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with Wentworth's article on Barbarism &
Civilisation. It is well arranged & simple,
richly illustrated by curious facts & references,
& altogether a finished & interesting essay, witty
and lively withal. Storrow was charmed with it.
I have read aloud to Willie, who cannot
use his eyes, the political article, by
Lowell. I suppose, quite good & decided.
As to politics, where be me! Back?
& ninety looks? the present & the near future.
I can form no confident opinion of what
is coming. It may be a conflict of some
years, to end only with Freedom to the Slave,
or in organized steps in that direction. or it
may end soon in fresh concessions to the
Slave power. I fear the latter most, as a
prolongation of injustice to the blacks, of Southern
insolence & of northern baseness, involving a
more desperate conflict a few years later.
I am drawing towards Mr Garrison, & Wentworth's
opinions, that it may be more practicable to
dissolve the Union & form a new constitution
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The days before the Civil War caused much anxiety and created speculation among Americans about the nation's future. In a letter to his mother, Stephen Higginson describes his opinion on the best course of action for the American government. He sees the "Constitution of '89" as a "bad pro-Slavery" document. Rather than going through the slow process of amending it over time, he thinks "it is high time to have done such a Union." At the end of his letter, Stephen tells his mother "you asked me some time ago to give you a dish of politics" which indicates that although restricted from formal engagement in politics, women often took a keen interest.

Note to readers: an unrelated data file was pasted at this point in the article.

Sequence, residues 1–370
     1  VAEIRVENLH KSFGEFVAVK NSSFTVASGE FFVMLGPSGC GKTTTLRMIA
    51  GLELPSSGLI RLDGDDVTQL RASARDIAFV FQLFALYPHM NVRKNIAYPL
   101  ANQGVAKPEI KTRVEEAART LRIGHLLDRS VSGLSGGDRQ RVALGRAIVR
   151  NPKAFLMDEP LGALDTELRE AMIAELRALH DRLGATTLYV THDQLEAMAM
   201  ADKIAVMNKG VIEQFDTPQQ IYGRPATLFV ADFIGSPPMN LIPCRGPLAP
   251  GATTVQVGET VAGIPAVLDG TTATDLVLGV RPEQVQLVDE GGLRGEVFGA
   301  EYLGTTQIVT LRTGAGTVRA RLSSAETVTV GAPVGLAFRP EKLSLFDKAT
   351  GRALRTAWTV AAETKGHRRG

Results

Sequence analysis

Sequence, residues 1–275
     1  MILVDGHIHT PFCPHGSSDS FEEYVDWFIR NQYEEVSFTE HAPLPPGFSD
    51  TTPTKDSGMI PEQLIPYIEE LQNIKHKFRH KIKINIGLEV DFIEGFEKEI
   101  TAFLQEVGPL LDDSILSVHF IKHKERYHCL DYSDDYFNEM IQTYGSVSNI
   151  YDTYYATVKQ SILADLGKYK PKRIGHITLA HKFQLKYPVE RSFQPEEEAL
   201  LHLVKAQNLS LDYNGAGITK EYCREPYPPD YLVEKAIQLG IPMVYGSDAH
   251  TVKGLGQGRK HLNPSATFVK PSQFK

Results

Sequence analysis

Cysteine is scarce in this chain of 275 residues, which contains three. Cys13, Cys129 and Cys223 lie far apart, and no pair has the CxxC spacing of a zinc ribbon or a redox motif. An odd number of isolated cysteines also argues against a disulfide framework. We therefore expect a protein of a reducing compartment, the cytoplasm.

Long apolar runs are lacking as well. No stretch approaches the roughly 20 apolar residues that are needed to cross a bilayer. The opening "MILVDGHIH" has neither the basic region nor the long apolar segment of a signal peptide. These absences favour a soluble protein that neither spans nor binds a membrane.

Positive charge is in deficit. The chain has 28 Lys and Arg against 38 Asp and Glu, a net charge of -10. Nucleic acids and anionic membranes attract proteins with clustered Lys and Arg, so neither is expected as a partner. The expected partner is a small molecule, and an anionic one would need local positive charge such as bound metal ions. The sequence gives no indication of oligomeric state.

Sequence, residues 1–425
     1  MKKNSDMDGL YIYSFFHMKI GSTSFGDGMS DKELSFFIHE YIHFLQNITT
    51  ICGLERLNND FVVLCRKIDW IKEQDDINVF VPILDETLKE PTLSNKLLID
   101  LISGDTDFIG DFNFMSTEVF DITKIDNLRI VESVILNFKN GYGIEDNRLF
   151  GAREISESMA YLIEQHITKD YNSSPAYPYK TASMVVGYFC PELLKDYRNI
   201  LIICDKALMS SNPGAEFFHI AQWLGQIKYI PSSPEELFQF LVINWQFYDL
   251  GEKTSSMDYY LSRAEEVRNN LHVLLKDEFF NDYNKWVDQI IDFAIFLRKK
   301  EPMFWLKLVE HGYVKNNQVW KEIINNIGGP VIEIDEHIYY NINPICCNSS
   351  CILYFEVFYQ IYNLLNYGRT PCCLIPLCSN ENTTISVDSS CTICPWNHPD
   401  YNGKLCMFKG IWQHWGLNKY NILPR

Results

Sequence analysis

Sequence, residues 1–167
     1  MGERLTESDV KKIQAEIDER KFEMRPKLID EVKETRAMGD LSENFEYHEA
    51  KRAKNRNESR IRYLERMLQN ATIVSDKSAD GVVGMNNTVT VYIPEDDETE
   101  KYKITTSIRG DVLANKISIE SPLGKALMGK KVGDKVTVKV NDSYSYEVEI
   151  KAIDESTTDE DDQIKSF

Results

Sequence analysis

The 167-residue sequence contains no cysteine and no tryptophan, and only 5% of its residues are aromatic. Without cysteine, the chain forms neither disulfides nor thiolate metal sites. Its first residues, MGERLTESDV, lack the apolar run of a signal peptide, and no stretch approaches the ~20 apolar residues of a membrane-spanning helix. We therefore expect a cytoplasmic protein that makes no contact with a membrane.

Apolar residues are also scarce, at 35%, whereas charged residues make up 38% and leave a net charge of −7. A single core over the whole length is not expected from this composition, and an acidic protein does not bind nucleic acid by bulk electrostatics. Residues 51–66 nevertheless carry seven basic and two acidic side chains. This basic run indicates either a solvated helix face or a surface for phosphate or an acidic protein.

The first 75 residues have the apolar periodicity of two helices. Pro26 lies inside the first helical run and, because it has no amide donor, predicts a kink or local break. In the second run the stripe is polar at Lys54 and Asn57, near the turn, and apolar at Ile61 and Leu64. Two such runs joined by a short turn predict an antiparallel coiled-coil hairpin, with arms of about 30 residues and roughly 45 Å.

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Partial letter to Louisa Higginson from son regarding politics and slavery
| author Stephen Higginson II (1808-1870)
| date Jan 4, 1861
| location Cambridge, Massachusetts
| width 5.0"
| height 8.0"
| process/materials manuscript, paper, ink
| item type Personal Documents/Letter
| accession # #L05.043
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